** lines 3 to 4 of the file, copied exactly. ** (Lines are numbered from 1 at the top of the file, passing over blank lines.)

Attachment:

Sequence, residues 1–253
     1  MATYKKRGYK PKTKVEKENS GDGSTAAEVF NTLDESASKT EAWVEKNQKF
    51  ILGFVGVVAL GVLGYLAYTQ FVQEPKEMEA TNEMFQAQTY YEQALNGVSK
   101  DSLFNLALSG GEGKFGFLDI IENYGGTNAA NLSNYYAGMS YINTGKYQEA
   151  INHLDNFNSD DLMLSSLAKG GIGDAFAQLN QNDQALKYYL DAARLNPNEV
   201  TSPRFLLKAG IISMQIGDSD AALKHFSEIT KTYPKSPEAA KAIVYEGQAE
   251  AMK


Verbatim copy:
    51  ILGFVGVVAL GVLGYLAYTQ FVQEPKEMEA TNEMFQAQTY YEQALNGVSK
   101  DSLFNLALSG GEGKFGFLDI IENYGGTNAA NLSNYYAGMS YINTGKYQEA